© Reuters. U.S. Treasury Secretary Janet Yellen attends a meeting with South Korean Deputy Prime Minister and Minister of Economy and Finance Choo Kyung-ho at Lotte Hotel, in Seoul, South Korea July 19, 2022. Chung Sung-Jun/Pool via REUTERS
By Andrea Shalal
WASHINGTON (Reuters) – U.S. Treasury Secretary Janet Yellen urged Group of 20 finance and agriculture ministers on Tuesday to take urgent steps to help the 70 million people at risk of acute food insecurity as a result of Russian President Vladimir Putin’s war in Ukraine.
Yellen told the inaugural meeting of G20 joint finance and agriculture ministers that Putin and his officials – including those taking part in meetings in Washington this week – were responsible for “immense human suffering” caused by the war, a Treasury official said.
“That includes the innocent lives taken by President Putin’s barbaric missile attacks across Ukraine yesterday,” she said, referring to the most widespread wave of air strikes to hit away from the front line since the start of the war on Feb. 24.
Russia was represented at the meeting Finance Minister Anton Siluanov, who joined the meeting virtually, a source familiar with the meeting said.
Yellen did not leave the meeting when the Russian spoke, the source said. She and other Western officials left their seats during the spring meetings of the International Monetary Fund and World Bank in April, but decided to stay put to rebut any points made by the Russian speakers, U.S. officials said.
Russia says it is waging a “special military operation” in Ukraine to rid it of nationalists and protect Russian-speaking communities. Ukraine and the West say it is an unprovoked war of aggression.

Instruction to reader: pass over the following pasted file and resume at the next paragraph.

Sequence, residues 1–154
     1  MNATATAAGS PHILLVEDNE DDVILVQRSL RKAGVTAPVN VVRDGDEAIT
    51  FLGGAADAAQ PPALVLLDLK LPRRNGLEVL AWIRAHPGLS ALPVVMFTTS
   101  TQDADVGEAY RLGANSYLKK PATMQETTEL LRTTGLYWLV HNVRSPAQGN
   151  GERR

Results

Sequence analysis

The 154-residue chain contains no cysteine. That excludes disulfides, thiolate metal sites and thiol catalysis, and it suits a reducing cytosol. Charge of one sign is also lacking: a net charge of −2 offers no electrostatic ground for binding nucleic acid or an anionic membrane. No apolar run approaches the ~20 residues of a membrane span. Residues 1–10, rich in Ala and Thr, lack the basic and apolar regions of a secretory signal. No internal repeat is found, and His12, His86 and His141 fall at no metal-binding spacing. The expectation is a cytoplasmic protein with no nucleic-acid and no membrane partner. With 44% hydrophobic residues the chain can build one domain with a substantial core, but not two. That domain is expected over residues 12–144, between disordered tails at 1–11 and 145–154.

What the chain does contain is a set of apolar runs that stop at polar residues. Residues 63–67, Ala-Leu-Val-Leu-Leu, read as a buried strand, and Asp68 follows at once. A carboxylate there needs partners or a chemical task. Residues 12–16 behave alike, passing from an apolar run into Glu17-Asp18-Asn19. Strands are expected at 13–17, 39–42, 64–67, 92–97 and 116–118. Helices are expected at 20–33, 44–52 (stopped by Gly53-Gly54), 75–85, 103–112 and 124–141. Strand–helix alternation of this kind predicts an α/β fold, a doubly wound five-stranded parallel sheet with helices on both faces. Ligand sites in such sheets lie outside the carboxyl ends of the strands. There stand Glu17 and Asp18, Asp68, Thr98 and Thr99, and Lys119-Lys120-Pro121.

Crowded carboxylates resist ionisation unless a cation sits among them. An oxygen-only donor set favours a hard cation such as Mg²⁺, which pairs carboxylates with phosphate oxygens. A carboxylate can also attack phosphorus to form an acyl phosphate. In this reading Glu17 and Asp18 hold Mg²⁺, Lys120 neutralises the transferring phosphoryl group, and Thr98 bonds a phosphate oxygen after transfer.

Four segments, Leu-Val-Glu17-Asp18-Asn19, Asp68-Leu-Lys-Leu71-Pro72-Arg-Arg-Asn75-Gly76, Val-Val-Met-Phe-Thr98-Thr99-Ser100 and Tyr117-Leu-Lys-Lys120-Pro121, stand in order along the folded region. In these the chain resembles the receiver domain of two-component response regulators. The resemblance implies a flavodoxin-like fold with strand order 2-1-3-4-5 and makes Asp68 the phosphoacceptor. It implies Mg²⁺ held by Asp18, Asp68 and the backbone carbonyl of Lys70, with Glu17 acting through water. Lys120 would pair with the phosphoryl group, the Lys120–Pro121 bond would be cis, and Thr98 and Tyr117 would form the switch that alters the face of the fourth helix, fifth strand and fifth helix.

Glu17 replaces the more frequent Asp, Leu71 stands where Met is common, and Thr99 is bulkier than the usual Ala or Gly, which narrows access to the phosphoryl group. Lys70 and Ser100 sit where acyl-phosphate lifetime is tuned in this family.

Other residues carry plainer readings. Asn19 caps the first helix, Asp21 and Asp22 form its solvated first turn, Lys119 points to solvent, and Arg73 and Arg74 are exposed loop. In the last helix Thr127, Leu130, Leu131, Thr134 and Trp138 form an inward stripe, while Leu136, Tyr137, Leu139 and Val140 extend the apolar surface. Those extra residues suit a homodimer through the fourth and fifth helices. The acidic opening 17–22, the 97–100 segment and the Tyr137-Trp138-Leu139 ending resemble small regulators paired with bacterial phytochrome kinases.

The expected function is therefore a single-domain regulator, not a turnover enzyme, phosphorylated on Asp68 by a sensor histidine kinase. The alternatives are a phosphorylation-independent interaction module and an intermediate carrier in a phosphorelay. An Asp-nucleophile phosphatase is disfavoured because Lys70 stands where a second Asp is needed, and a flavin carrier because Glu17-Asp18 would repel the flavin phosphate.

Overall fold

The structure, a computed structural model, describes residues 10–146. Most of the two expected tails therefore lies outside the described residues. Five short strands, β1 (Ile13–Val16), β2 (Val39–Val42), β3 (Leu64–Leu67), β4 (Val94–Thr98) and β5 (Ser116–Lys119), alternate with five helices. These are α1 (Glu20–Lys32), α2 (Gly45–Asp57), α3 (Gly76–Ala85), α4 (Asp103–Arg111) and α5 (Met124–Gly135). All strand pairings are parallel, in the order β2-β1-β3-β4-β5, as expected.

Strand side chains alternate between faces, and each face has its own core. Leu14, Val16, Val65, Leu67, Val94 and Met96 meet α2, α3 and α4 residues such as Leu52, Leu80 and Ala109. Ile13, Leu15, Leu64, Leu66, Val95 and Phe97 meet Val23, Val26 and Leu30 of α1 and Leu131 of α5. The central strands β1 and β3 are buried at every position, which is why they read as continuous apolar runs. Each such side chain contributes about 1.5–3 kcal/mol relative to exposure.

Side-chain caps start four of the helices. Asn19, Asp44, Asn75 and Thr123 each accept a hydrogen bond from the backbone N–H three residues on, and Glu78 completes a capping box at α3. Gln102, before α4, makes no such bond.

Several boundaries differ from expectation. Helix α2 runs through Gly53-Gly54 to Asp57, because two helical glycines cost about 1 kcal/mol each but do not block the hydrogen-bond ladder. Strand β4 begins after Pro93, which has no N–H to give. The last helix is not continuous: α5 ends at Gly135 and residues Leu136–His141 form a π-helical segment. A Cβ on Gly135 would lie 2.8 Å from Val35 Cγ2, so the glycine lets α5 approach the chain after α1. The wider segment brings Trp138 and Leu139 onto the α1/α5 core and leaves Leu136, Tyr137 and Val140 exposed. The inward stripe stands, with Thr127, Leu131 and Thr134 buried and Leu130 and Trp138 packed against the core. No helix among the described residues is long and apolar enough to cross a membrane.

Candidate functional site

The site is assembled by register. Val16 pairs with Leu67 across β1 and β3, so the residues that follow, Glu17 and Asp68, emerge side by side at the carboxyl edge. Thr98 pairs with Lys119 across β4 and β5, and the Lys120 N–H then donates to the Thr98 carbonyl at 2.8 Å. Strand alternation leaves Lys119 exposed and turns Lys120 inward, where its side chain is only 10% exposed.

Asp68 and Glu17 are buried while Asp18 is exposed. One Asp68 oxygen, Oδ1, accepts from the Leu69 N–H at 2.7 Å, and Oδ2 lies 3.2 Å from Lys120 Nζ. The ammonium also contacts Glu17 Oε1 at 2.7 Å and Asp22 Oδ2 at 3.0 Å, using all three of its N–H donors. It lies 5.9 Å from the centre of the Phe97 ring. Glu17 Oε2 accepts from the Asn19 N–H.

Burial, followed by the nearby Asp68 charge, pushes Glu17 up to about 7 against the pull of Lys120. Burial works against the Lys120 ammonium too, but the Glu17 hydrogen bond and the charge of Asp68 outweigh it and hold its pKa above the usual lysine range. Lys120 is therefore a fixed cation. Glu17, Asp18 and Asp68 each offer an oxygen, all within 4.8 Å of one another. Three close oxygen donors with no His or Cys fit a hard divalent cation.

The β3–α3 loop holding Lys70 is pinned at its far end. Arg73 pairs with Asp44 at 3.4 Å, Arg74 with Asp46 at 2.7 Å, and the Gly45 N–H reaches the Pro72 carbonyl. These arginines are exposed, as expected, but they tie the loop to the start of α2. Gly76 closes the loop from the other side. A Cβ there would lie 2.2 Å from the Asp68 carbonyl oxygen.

Yellen said Russia’s blockade of ports and destruction of agricultural infrastructure had disrupted global supply chains and food production, with the impact felt particularly in developing countries that Russia “falsely claims to support.”
She stressed that U.S. sanctions on Russia do not target the production, manufacture, sale, or transport of agricultural commodities, including fertilizer, and urged G20 officials to ensure their industries knew that sanctions should not impede the flow of agricultural commodities to those who need them.
She also called on G20 countries to increase financial aid to initiatives such as the Global Agriculture and Food Security Program, to which Washington just gave $155 million, and to avoid all food export restrictions.
The United States had announced nearly $10 billion in assistance this year to provide critical support to food-insecure countries, Yellen said.
She said G20 members should urge international financial institutions to continue implementing commitments made in their Action Plan to Tackle Food Insecurity.
Washington would also support temporary debt service standstills for countries that needed debt relief and sought help under the G20 Common Framework adopted in late 2020, she said.
The group as a whole offered a freeze in debt service payments to low-income countries from May 2020 through the end of 2021, suspending $12.9 billion in debt-service payments, but refused to extend it into 2022.